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A legacy church reverses the slide, begins the climb

An evangelistic effort from FBC Gadsden, Ala., named Reach Week culminates in a Sunday morning outdoor worship service in the city's biggest park. (Submitted photo)

GADSDEN, Ala. (BP) — A comeback story doesn’t exist without the “before” – when things weren’t so great, hard decisions were needed and a different frame of mind was required.

First Baptist Church was there in 2012 when Mat Alexander arrived, a fresh-faced 26-year-old in his first full-time pastorate.

Mat Alexander recently celebrated 11 years as pastor of First Baptist Church in Gadsden, Ala.

Like many cities that grew out of industrialization, Gadsden began experiencing an economic downturn in the 1980s. The decline grew in the 90s when the steel mill plant closed and Goodyear Tire and Rubber downsized by more than 1,300 jobs. Goodyear closed down for good in 2020.

During that time drug addiction became a measurable factor in the crime rate as the homeless population grew. Season 6 of “60 Days In,” a reality show where cameras were allowed inside the Etowah County Jail less than a mile from the church, showed the effects.

First Baptist has remained in its historic downtown location with an easy view of the changes and challenges.

“We don’t have to go looking for needs. If anything, we have to pace ourselves,” said Woodie Turner, associate pastor.

First Baptist had experienced instability of its own, including several short-term pastorates and the common plight of legacy churches with an aging congregation and young families moving away.

“We had been in decline for a long time and had to deal with the things a lot of churches have to,” said Alexander.

There were a little more than 100 in attendance when Alexander arrived and his daughter was the only baby in the nursery. However, there was a starting point on which to build.

“It was not a dead church,” he said. “People loved the Lord and wanted it to grow, but there had been a lot of circumstances.”

And it wasn’t like ministry had stopped. Dentists in the church were donating their services for a free monthly clinic. Today, the church serves as a hub for a massive food distribution effort throughout north Alabama.

Influence across generations

Alexander wanted to address other points of the church, though. The first was to demonstrate how happy he was to be at First Baptist and to raise his family there.

“Much of that was because of the wonderful people we have,” he said. “I want my kids to be around senior adults. They need that and I’m glad they have those surrogate grandparents.”

It was also important to communicate the benefits of a multigenerational church.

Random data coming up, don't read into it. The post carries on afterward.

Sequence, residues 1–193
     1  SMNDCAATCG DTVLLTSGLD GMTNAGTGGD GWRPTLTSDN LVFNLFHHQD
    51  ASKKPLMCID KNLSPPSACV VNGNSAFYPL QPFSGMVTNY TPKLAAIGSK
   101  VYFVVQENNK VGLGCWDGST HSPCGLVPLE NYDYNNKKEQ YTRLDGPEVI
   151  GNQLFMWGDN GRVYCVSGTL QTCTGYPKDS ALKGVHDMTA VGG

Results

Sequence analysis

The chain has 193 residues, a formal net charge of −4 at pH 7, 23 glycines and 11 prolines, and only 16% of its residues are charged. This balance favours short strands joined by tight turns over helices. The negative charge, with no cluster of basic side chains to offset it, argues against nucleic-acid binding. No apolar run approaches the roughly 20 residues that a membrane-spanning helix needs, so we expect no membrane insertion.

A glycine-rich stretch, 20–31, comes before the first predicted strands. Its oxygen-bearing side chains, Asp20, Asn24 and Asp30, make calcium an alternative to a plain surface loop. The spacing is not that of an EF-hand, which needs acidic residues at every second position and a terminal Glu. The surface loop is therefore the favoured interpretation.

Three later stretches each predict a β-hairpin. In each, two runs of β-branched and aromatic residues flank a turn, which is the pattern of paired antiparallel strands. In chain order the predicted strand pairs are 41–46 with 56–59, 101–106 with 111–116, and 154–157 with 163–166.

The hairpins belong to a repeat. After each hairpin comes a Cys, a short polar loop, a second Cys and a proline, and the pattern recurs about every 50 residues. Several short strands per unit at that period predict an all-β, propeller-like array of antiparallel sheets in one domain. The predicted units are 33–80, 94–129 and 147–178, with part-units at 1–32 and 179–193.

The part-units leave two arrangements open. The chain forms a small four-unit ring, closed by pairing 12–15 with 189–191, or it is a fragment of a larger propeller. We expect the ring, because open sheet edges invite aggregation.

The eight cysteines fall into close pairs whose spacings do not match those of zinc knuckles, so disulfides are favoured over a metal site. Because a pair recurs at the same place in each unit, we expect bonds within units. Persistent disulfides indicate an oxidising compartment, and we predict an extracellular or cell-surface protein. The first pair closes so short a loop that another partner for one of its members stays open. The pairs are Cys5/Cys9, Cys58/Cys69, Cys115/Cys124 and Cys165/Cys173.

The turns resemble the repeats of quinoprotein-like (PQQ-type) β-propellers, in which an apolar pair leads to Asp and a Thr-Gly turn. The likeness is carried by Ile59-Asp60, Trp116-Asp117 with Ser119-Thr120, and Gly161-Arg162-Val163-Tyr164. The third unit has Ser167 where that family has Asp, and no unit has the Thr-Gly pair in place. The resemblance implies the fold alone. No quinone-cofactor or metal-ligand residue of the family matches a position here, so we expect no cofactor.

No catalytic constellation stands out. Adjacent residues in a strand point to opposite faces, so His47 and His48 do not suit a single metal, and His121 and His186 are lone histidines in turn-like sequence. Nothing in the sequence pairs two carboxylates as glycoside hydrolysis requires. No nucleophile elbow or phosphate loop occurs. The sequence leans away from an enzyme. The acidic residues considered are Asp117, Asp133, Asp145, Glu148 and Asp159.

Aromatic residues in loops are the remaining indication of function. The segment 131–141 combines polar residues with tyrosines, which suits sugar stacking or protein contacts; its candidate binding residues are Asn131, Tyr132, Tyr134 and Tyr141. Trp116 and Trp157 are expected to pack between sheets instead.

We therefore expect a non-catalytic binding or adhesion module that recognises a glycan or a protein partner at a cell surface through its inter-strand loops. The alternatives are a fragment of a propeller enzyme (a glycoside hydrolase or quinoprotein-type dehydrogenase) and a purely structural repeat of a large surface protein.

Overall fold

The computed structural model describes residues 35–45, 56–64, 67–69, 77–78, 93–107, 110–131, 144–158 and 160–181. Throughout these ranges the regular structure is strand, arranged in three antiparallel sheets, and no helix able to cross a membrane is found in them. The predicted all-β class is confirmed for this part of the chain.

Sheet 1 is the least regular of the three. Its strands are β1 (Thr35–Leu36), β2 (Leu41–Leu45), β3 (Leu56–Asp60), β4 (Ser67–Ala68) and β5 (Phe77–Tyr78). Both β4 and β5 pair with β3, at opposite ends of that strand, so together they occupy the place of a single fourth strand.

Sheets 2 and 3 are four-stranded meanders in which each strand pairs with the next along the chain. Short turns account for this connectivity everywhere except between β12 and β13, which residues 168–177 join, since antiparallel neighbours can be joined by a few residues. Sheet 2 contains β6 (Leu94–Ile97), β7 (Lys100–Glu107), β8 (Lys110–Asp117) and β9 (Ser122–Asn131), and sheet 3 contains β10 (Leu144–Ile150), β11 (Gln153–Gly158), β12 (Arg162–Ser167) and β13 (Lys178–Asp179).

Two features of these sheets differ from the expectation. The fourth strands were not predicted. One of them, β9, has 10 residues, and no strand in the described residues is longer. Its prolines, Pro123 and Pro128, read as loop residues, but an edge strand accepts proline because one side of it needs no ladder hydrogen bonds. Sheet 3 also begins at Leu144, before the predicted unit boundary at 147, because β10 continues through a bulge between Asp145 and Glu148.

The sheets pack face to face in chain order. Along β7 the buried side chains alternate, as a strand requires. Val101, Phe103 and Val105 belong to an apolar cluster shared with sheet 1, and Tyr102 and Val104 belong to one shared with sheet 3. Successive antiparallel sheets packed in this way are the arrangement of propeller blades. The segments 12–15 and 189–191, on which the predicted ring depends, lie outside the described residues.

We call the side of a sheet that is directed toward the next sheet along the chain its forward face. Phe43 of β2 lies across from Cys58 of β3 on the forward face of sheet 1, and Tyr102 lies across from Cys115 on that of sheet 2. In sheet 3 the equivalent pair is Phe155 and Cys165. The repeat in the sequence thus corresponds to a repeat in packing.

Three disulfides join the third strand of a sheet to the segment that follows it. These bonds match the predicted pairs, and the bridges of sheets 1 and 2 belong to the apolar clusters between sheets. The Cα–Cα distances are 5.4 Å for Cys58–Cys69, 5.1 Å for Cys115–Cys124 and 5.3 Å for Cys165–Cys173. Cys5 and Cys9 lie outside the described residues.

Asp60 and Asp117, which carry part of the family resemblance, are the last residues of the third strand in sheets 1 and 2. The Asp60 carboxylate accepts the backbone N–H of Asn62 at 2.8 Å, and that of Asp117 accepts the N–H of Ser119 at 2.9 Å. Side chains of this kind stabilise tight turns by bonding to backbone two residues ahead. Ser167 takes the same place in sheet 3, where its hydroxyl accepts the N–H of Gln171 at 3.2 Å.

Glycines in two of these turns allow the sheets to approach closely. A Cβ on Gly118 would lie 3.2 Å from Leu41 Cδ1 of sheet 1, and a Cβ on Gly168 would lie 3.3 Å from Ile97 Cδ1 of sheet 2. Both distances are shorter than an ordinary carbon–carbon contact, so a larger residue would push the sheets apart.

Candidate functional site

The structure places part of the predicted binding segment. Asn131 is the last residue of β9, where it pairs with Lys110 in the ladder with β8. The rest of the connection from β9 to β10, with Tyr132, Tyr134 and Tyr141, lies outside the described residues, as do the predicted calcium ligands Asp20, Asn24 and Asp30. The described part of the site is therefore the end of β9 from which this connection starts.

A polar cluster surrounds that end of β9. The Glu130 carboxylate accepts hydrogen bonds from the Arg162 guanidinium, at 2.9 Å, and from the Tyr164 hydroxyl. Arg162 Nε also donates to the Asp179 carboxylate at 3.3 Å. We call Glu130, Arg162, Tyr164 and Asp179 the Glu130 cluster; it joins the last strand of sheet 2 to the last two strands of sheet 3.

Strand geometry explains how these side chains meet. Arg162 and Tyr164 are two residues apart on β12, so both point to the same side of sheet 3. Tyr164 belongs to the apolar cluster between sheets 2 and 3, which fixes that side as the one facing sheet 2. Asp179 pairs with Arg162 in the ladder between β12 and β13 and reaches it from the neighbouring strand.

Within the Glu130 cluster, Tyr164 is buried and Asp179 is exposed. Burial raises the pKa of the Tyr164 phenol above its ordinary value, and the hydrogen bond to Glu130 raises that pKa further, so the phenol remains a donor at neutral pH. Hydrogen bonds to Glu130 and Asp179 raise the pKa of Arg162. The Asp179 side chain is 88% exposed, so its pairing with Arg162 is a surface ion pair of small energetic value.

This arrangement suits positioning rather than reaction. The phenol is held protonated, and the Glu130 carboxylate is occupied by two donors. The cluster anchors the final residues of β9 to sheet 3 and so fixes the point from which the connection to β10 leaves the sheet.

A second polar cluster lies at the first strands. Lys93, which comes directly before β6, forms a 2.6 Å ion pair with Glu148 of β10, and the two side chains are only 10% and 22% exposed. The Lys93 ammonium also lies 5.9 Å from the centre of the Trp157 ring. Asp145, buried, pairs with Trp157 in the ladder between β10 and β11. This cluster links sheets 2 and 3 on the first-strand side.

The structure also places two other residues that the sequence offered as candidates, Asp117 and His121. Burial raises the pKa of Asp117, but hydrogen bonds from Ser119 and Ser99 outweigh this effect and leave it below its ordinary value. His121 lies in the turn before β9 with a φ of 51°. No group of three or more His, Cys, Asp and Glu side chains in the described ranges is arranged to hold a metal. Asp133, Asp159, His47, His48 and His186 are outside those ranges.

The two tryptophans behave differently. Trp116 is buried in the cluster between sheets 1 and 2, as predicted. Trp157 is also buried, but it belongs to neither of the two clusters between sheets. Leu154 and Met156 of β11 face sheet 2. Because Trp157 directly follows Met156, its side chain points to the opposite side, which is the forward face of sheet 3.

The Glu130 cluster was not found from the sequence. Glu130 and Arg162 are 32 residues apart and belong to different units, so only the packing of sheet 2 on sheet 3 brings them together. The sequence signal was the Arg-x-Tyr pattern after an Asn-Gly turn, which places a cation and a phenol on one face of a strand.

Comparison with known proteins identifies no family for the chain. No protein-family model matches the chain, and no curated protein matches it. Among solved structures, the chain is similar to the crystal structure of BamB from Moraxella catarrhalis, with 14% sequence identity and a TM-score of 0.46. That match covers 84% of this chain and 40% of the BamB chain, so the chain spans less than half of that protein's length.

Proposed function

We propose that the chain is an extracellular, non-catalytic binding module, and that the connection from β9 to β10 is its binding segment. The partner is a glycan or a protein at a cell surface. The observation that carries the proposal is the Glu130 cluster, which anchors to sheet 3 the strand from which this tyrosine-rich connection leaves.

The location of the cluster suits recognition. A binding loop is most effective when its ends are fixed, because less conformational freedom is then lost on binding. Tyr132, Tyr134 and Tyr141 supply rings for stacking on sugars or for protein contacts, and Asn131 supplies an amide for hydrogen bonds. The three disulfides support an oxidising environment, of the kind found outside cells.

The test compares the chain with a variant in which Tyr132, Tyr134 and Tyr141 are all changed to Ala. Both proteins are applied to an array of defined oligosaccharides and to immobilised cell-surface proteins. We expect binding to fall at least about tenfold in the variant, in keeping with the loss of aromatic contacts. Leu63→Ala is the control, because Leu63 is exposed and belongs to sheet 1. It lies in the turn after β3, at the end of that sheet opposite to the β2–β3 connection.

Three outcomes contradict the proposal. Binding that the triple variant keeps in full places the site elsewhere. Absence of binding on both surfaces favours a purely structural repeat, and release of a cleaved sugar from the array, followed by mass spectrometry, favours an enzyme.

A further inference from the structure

“I was able to present a vision plan for reaching families, to encourage them to visit the church,” he said. Central to those efforts was “relentless Gospel commitment.”

“That’s not to say the church never had that, but I do feel like we renewed our emphasis on the Word and Spirit, on the preaching of the Gospel of grace and a depth of teaching that has been a blessing across generational lines,” Alexander said.

Early concerns existed about a young pastor swooping in with big ideas and bigger changes. That wasn’t Alexander’s plan.

A desire to serve

Training Union was shortened to Training U, but First Baptist still has a traditional worship service. The choir wears robes.

And not only is there still a pipe organ, it’s being renovated.

He also had the guidance of church member and previous interim pastor Larry Fuhrman, a well-known minister and former local Christian school headmaster. Calling him a “fixture in the area”, Etowah Baptist Association director Craig Carlisle, said Fuhrman has officiated more funerals there than anyone.

Alexander’s desire to address deferred maintenance, particularly in the children and youth areas, was important.

McSpadden Music Camp is hosted by First Baptist and named after its late organist George McSpadden, who served in that role for 50 years. Over 120 students participated this year, learning music theory, percussion, choral and more.

“Those renovations started to turn things around,” said Fuhrman.

“A few folks didn’t understand the need for changing things in order to welcome a new generation,” he said. “I don’t think it was meant to be negative, but an understanding of how things used to be [versus] what they needed to be.”

The elder minister’s influence was palpable.

“I never felt like he was looking over my shoulder, but I never felt like I was alone,” said Alexander.

The city of Gadsden is undergoing a rebirth of its own. Some restaurants have moved in. There is talk of a main road being moved in order to open up a massive riverfront development.

“First Baptist has always been involved in the Gadsden community and our congregation has always been a serving congregation,” said Alexander.

“We love it that way.”